Could pen-sized GPS jammers paralyse UK shipping?
Obsolete satnav rivals troll for security pork
Loran is somewhat better than Decca but it's based on similar 1940s tech. It's only accurate for most navigational purposes - say, for finding your position on a chart - to around 200 metres. As with Decca, however, Loran can be used to return to a given point under similar propagation conditions with accuracy as good as 50 metres. What it can't do is tell you accurately where that point is in terms of coordinates. (This was why traditionalist fishermen liked Decca. They could use their favourite "lanes" to avoid fouling seabed gear such as beam trawls or scallop dredges on wrecks or rocks whose positions weren't accurately laid down. Those who have seen the effects of beam trawls and scallop dredges first-hand are sometimes less convinced of the benefits.)
Loran and Decca are only marginally useful even in the maritime or aviation environments, mainly for longer-haul navigation in areas where they're available. Across much of the world, you have to rely on GPS or dead reckoning. Loran's no good for piloting a ship into a harbour or a plane onto a runway, as GPS or DGPS can be. And it's no real use whatsoever for minicab drivers, truckers etc. trying to find a given street address in an urban environment. Seriously - no matter what VT and the GLAs would like to tell you.
All in all, then, the future doesn't look too rosy for the GLAs' radio-station branch and VT Communications. Commercial shipowners don't want to pay for their stations, and if their protests got noisy enough someone might seriously start taking a look at the light-dues levy and the somewhat anomalous status of Trinity House - straddling as it does the public, private and "third" sectors.
So there's a need for a new source of revenue - and what could be better than the defence budget? Though the MoD is very hard up at the moment, it wouldn't particularly notice the expense of running Loran.
To get defence/security cash, though, you need a
scare threat. Hence, the dreaded pen-sized device which could shut down a major container port or oil terminal and paralyse the British economy.
Hold on, though. Your correspondent used to move ships in and out of British harbours for the navy, back when ordinary GPS was SA-crippled and DGPS cost money directly and thus wasn't normally given to you. If it was foggy and you couldn't navigate in and out of harbour visually, you didn't fool about with Decca and nor would you do so with Loran - they just aren't accurate enough for harbour pilotage. You would use radar, like a sensible person.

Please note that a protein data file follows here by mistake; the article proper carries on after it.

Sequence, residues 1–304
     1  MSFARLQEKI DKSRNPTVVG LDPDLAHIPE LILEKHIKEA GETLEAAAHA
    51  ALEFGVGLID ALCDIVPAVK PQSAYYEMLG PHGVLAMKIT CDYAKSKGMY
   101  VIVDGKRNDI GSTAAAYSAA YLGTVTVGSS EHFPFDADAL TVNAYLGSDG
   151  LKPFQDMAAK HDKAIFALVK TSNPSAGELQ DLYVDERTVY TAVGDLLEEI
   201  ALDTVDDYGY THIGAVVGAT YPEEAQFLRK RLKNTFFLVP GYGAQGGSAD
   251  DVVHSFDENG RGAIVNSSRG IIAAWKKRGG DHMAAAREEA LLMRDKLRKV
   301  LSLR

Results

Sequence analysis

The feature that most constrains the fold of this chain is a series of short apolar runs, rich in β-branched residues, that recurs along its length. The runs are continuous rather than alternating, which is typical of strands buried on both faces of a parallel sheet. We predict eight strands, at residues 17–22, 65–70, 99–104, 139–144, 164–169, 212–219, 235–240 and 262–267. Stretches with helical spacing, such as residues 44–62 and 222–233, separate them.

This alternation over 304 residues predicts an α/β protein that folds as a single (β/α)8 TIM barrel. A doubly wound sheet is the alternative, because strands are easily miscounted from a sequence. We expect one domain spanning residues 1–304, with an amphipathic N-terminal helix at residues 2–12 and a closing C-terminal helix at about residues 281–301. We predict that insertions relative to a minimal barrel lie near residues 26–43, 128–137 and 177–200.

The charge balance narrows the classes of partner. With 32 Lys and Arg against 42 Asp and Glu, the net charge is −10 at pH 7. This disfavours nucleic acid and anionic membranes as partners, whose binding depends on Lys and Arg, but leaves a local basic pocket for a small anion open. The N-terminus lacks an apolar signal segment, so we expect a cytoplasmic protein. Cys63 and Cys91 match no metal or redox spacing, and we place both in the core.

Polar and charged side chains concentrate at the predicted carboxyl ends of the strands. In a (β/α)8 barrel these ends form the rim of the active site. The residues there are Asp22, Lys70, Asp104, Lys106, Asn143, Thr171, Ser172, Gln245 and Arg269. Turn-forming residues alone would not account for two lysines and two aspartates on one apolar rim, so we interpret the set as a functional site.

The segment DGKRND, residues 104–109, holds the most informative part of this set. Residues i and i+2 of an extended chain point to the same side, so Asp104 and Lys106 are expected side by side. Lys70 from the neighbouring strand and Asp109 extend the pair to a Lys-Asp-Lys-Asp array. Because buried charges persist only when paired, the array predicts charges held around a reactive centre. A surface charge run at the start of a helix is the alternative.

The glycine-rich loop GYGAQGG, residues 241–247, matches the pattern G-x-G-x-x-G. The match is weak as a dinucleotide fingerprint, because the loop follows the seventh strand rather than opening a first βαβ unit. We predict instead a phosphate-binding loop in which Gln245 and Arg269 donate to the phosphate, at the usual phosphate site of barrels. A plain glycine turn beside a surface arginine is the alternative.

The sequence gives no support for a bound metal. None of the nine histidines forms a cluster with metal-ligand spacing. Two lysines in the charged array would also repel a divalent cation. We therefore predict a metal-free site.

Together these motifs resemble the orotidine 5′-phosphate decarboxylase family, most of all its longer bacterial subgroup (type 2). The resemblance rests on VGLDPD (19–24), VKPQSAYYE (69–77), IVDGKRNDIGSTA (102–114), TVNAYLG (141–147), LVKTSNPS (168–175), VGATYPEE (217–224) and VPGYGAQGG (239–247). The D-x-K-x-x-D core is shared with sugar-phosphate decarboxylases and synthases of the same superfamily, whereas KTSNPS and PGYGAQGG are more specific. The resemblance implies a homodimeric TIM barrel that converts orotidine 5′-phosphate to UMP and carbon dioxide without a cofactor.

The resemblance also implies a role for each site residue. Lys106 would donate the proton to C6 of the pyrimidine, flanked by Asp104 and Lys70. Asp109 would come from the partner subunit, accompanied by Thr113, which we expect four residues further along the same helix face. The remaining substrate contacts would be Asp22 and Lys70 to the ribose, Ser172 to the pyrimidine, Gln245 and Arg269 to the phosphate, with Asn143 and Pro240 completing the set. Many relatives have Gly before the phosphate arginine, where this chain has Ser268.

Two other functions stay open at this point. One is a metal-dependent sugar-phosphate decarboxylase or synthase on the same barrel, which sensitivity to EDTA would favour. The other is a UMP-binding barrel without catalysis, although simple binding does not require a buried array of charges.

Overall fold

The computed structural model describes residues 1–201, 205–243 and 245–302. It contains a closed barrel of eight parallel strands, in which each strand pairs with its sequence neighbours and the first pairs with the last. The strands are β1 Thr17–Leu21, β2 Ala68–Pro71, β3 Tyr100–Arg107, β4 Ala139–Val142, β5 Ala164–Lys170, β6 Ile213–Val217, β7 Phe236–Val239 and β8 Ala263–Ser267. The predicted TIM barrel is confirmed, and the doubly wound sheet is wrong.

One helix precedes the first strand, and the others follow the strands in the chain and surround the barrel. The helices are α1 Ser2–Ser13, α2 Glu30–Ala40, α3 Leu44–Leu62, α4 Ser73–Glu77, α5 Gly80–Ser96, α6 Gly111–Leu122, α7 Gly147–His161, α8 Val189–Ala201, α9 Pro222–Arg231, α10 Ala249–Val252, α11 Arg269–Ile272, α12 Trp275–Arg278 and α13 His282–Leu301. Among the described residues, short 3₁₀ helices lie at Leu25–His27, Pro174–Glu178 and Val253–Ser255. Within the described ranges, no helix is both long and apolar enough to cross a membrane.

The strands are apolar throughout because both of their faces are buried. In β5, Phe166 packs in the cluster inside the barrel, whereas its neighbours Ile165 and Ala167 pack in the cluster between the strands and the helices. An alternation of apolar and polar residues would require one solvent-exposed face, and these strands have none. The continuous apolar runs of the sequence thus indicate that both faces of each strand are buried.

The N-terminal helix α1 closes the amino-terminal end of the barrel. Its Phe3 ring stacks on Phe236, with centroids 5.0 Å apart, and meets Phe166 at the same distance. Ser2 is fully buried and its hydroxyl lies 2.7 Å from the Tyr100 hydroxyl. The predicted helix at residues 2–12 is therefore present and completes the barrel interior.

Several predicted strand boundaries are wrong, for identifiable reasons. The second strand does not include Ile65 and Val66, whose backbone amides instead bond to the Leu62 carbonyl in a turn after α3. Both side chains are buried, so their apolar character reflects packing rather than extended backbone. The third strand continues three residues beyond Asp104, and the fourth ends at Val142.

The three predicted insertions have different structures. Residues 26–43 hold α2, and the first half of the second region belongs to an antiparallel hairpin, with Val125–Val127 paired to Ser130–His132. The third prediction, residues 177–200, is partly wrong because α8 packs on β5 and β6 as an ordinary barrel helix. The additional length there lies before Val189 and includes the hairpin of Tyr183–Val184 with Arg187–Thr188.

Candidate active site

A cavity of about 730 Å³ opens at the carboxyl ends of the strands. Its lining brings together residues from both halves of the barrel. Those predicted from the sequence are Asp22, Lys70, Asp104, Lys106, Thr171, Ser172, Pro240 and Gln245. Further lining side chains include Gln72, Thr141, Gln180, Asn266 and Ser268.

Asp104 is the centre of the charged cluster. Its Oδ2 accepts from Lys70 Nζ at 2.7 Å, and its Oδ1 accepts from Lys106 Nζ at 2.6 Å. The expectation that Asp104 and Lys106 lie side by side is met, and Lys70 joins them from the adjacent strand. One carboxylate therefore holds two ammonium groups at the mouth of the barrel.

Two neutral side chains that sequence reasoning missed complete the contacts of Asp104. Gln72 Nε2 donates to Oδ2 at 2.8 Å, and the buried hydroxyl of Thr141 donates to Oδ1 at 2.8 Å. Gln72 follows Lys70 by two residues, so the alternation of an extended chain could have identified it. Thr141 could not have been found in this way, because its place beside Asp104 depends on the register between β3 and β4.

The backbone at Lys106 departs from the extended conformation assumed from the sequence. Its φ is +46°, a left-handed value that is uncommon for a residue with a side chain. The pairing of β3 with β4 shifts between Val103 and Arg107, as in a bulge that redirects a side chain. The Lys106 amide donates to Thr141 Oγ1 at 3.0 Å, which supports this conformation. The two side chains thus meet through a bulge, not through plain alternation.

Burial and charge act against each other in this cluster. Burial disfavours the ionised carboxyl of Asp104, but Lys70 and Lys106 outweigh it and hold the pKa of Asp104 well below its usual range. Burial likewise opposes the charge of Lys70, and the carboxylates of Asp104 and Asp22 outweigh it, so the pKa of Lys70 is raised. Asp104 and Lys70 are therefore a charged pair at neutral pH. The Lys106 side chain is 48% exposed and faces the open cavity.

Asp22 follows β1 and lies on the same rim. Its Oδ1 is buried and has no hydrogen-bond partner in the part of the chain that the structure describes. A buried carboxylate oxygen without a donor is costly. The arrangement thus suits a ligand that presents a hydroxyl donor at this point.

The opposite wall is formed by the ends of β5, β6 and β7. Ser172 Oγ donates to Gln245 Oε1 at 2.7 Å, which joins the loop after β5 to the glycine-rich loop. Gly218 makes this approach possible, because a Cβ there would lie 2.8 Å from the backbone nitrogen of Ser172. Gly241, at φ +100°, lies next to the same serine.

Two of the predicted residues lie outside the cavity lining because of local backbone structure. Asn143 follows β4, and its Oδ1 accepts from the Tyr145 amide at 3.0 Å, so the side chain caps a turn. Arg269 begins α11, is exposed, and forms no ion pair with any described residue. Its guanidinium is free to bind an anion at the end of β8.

And that's what the merchant skippers and harbour pilots still do, in the real world. Radar is the real backup for GPS, when operating anywhere near a coast. Far out at sea where you can't navigate by radar, people can't jam your satnav - not without following you around - and anyway, it takes long enough to get anywhere that the weather will clear sooner or later and you can get a fix with your trusty sextant as of old.
As for jamming radar, that's not something you do with a pen-sized device (actually, nor is jamming GPS; but it's true that jamming GPS is relatively simple). You'd be found and switched off easily if you tried that kind of caper on any effective scale.
It's quite disingenuous of VT Communications to tell politicians that they need Loran in case of GPS jamming in harbours, then. And it's probably a bit naughty of the GLAs to imply that they need tax money - either from shipowners, or even less justifiably from ordinary people like you and me - to run DGPS and Loran stations on such a basis. Especially if that cash is to come from the Defence budget, which frankly has quite enough calls on it just now.
On the other hand, if governments are to piss away cash on domestic security panic, Loran is at least more useful than, oh, biometric ID cards, or a nationwide surveillance-cam network, or urban nerve-gas propagation research or airport mind probes. Why don't Umbers and Basker take their pitch along to the Home Office? ®
Lewis Page was a Royal Navy officer from 1993 to 2004. In the early '90s he was navigating officer and precise-nav officer for minewarfare purposes, employing many recondite technologies of the times including Decca, DGPS, Hyperfix et al. He was also a diver, and once spent six months on fishery patrol duties.
Sponsored: Virtualization security practical guide